One of the hardest things from switching from software engineering to research has been the open-ended nature of research and measuring progress. For me, software engineering usually has more explicit objectives, and it’s easy to make a plan to get from 0 to 100. This post will share some tools I’ve been using to help me “do research” and explore potential research project ideas.
I’ve been trying to write down as many of my thoughts as possible. As a software engineer, it was rare to have a day where I was not writing code. As a researcher, it’s common to have days where you’re consuming papers and thinking. It’s easy to think you haven’t done much all day when you don’t have any output of your work. I’ve found that writing helps me solidify my learnings while clarifying any ideas and questions. Since my notes are just for me, I’ve been writing down all and any thoughts I have as I’ve been brainstorming and learning. I’ve been using Obsidian, which is a notetaking editor similar to Roam. Things I like about Obsidian is that it’s all local, and I can write notes on my other devices as well. It’s effortless to find mentions of an idea by using backlinks. Obsidian has helped to add structure to my day as I’ve created a daily note template and added a set of morning questions to help focus my day and a set of evening questions to reflect on what I’ve worked on. It’s easy to lose momentum in research, so I’ve been trying to have an exact next to-do item for each day, so I have something to work on.
I’ve been trying to read as many papers as I can to get exposed to new ideas. As someone new to research, it’s easier to find inspiration from other work. Many papers discuss potential future directions from their results, and that’s been an excellent source for my own project brainstorming. Another great reason to read papers is that it’ll give you a better idea of how researchers think about things. Being able to (quickly) evaluate work critically seems to be an essential skill as a researcher. Two features have been necessary for me regarding papers - searching through papers and taking notes. I’ve used Zotero to keep track of papers I’ve read/skimmed, but since using Obsidian, I’ve used Obsidian to keep track of my papers. I’ll copy the title, abstract, and link to the paper, so it’s easy to search. I’ve been using MarginNote for taking notes for papers. Some excellent features it has are that you can import websites to markup and create flashcards. They have many other exciting features, such as mindmaps, which I haven’t used as much.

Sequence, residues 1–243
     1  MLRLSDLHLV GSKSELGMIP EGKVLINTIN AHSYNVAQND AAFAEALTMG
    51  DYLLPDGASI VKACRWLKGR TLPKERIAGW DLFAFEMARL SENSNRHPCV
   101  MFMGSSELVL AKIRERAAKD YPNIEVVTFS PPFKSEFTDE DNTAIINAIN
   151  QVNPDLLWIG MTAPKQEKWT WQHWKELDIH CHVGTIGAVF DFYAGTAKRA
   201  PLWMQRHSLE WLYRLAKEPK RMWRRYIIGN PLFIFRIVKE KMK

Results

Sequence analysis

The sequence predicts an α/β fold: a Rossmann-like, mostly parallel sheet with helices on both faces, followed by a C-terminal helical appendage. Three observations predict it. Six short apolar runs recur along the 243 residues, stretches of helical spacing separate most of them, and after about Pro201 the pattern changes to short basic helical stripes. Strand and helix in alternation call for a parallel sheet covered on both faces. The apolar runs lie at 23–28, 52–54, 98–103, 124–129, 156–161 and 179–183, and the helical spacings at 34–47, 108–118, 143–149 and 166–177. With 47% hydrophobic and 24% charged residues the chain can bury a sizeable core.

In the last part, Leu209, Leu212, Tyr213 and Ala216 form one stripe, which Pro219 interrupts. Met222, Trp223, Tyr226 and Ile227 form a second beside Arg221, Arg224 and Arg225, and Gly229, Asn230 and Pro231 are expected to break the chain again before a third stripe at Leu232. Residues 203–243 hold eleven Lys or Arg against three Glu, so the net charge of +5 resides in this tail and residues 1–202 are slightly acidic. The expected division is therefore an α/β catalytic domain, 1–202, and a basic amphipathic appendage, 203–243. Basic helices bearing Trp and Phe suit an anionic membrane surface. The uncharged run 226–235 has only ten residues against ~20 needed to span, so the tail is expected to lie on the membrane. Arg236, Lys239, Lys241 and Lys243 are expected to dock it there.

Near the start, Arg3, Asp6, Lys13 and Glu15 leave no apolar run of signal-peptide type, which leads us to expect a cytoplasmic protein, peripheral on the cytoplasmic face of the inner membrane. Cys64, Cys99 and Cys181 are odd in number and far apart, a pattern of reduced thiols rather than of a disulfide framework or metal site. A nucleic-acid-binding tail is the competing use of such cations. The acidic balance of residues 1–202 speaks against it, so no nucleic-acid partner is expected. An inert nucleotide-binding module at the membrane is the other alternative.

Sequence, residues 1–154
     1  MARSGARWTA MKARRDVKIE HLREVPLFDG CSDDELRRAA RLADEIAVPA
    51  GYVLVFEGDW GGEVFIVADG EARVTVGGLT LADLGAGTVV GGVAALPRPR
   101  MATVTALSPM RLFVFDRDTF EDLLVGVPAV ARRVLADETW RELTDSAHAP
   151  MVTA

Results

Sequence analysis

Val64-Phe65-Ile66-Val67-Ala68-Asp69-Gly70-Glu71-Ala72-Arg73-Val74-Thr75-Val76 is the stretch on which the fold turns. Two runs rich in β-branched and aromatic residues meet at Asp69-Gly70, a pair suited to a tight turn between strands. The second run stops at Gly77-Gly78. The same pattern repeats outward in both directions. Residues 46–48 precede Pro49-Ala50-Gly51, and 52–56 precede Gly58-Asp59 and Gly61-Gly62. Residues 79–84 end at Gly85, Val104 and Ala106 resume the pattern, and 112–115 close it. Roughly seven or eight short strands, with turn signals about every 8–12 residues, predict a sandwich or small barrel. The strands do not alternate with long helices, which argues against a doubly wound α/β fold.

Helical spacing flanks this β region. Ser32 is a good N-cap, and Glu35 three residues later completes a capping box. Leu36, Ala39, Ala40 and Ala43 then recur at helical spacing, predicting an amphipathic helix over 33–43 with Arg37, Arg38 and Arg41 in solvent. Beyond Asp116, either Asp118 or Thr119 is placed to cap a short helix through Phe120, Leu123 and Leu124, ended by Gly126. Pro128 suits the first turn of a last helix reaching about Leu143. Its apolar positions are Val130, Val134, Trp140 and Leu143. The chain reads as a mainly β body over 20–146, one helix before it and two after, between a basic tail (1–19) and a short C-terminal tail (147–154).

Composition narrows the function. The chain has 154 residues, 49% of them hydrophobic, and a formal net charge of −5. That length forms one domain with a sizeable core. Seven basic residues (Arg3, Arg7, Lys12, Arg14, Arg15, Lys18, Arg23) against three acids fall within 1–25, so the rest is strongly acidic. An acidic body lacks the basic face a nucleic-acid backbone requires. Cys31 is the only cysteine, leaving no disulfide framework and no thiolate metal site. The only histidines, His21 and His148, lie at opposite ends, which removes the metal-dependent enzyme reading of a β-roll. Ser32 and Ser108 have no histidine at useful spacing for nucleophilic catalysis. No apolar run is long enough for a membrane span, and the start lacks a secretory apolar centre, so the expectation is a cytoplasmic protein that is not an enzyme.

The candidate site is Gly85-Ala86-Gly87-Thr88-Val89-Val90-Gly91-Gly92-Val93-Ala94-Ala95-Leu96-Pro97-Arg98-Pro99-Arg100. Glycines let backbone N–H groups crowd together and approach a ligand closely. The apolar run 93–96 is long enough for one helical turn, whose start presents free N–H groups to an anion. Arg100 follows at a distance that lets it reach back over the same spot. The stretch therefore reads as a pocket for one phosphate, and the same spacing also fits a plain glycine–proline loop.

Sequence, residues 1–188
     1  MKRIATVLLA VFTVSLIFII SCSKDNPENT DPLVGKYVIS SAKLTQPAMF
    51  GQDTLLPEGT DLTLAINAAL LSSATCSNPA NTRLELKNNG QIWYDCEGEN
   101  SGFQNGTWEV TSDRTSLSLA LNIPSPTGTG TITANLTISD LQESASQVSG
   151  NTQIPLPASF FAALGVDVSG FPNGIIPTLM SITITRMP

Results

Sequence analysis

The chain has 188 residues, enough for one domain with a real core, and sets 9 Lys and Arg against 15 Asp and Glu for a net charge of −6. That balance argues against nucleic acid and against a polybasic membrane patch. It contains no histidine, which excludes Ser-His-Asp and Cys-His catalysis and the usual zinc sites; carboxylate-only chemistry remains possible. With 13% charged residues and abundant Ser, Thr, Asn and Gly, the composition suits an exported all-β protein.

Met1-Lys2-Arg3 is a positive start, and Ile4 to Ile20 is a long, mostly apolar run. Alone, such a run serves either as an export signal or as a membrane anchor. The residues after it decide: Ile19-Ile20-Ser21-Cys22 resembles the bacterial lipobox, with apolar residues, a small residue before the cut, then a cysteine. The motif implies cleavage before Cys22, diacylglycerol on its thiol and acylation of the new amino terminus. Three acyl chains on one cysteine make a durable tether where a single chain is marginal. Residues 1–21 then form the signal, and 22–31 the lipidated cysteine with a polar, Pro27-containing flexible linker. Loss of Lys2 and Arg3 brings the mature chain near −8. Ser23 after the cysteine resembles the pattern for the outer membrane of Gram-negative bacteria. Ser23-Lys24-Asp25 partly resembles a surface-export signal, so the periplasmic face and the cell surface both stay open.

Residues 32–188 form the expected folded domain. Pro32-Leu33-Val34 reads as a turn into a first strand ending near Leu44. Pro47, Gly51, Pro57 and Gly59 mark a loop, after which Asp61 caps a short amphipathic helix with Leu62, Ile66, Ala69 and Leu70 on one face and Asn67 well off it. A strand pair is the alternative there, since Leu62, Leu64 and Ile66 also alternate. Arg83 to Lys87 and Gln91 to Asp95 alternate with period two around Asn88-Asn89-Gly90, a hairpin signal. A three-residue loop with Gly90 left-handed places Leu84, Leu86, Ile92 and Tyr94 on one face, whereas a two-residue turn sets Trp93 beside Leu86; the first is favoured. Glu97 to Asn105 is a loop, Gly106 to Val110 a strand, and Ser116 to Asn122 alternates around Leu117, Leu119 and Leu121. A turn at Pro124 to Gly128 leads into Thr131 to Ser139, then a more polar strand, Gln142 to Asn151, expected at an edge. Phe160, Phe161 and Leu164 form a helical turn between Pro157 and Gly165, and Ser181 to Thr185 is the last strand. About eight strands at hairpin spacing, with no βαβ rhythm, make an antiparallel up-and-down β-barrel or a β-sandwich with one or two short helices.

As I’ve been learning new concepts, I’ve been heavily relying on Anki, which uses space repetition to augment your memory and learning. It’s easy to export cards directly into Anki from MarginNote. I’ll try to spend at least 15 minutes every day going through my notecards. There are many different ways to organize your Anki cards. I don’t have any strong suggestions for how you should use Anki, but I recommend making your cards instead of downloading other people’s decks. Writing learnings in my own words help me to solidify new facts. With spaced repetition, it’s become easier and less intimidating to learn important key concepts at a high volume.
Using all of these tools have been useful in validating potential research ideas. It’s easy to track new ideas and expand upon them. During project exploration, I’ve consumed a lot of information. Finding tools to process and efficiently learn the new information has made this exploration phase less hectic and added more structure.
I’ve also found these reads useful for how to think about your research: http://joschu.net/blog/opinionated-guide-ml-research.html https://web.mit.edu/tslvr/www/lessons_two_years.html
Let me know if there are any tools you’d recommend for research!